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Old 10-09-07, 09:09 PM   #7
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easiest way is to remove the derailers and shorten the chain to fit the gears you want takes about 5 mins with a chain tool...keep the chain you removed in case you decide you want a different gear.....it wont be the straightest chainline but it should be ok til you decide you want to go thru the trouble and cost of a total conversion

or what two short said but you might be able to use the adjuster screws on the derailer to stick it into one position
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Old 10-09-07, 09:19 PM   #8
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With your vertical dropouts, you'll have a hard time without a chain tensioner of some sort.
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Old 10-09-07, 09:55 PM   #9
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easiest way is to remove the derailers and shorten the chain to fit the gears you want takes about 5 mins with a chain tool...keep the chain you removed in case you decide you want a different gear.....it wont be the straightest chainline but it should be ok til you decide you want to go thru the trouble and cost of a total conversion

or what two short said but you might be able to use the adjuster screws on the derailer to stick it into one position
The chain will jump around and most likely break unless the chainline is perfect.
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Old 10-09-07, 10:23 PM   #10
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With your vertical dropouts, you'll have a hard time without a chain tensioner of some sort.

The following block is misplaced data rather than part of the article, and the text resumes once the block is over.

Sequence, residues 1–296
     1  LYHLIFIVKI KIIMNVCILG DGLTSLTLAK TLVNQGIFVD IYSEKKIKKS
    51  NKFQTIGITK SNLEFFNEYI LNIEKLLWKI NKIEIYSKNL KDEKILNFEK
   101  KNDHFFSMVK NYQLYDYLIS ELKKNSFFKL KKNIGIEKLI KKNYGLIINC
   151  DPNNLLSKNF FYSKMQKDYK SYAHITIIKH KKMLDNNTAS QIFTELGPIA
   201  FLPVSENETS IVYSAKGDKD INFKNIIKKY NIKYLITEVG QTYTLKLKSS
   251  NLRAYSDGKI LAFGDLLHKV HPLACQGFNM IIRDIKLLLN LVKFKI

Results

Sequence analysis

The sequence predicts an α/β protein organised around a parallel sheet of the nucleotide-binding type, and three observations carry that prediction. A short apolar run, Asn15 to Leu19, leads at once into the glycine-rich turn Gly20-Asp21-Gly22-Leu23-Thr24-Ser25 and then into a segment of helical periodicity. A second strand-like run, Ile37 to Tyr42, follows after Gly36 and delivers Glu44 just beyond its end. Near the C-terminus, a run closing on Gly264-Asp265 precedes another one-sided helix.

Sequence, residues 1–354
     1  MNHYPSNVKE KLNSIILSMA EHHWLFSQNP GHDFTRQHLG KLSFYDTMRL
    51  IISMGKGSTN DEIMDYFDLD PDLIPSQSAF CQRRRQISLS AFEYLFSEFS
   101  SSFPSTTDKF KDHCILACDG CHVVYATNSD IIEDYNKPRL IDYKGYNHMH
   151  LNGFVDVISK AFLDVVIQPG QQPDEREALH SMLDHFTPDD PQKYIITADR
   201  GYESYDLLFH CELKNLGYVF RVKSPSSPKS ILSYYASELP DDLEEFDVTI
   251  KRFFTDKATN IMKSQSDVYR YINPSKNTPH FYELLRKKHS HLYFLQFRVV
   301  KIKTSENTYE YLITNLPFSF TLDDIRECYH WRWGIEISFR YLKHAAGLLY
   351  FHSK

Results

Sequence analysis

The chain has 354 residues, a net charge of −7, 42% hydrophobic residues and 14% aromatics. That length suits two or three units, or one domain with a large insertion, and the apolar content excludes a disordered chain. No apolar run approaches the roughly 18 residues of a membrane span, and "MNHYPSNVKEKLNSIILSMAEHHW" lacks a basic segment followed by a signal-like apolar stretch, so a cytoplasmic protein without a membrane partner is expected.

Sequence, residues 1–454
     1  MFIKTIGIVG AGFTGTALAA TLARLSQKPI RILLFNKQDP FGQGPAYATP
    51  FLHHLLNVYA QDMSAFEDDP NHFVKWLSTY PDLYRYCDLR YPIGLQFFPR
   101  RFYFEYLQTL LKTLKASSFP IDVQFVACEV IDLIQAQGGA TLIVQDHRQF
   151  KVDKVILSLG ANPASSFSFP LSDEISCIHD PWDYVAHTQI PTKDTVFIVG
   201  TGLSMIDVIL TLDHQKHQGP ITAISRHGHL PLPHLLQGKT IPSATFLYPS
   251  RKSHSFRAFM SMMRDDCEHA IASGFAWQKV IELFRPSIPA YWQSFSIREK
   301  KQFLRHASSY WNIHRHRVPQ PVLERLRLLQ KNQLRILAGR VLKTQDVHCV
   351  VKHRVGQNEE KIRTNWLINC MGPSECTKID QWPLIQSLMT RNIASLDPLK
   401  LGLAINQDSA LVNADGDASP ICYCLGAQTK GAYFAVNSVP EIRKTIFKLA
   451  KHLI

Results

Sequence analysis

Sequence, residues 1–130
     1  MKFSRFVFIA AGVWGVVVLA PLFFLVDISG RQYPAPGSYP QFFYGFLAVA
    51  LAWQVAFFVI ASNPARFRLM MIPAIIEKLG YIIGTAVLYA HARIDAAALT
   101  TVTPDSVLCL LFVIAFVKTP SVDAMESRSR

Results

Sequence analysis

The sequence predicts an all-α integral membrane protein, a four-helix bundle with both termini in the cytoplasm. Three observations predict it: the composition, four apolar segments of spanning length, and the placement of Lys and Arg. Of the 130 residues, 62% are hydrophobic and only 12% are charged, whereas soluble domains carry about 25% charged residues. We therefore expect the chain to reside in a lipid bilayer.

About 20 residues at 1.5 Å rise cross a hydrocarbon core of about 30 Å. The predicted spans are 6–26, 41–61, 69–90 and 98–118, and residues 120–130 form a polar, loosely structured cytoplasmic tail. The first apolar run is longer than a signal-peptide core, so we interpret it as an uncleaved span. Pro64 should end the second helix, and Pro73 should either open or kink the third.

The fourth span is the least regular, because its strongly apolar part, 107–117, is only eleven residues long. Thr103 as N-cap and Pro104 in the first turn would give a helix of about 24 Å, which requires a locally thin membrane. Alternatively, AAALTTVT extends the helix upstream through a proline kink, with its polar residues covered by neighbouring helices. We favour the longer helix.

haff linque foo
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Old 10-09-07, 10:30 PM   #11
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The chain will jump around and most likely break unless the chainline is perfect.
isnt the chain already in that position even with the derailer??

i doubt the derailer is the only reason the chain doesnt jump or break on a multi speed bike

but hey you must know somethin i dont.....as long as the chain is tight is should work fine for a limited time to see if he even likes it before he goes thru the trouble of a conversion....i never intended it to be a final solution

Last edited by JunkyardWarrior; 10-09-07 at 10:33 PM. Reason: added text
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Old 10-09-07, 10:33 PM   #12
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isnt the chain already in that position even with the derailer??

i doubt the derailer is the only reason the chain doesnt jump or break on a multi speed bike

but hey you must know somethin i dont.....as long as the chain is tight is should work fine for a limited time to see if he even likes it before he goes thru the trouble of a conversion....i never intended it to be a final solution
yes it is hoss now go back and read the blue book
parktool
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Old 10-10-07, 06:56 AM   #13
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thanks for the input.

now i just need to determine if it's a cassette or a freewheel.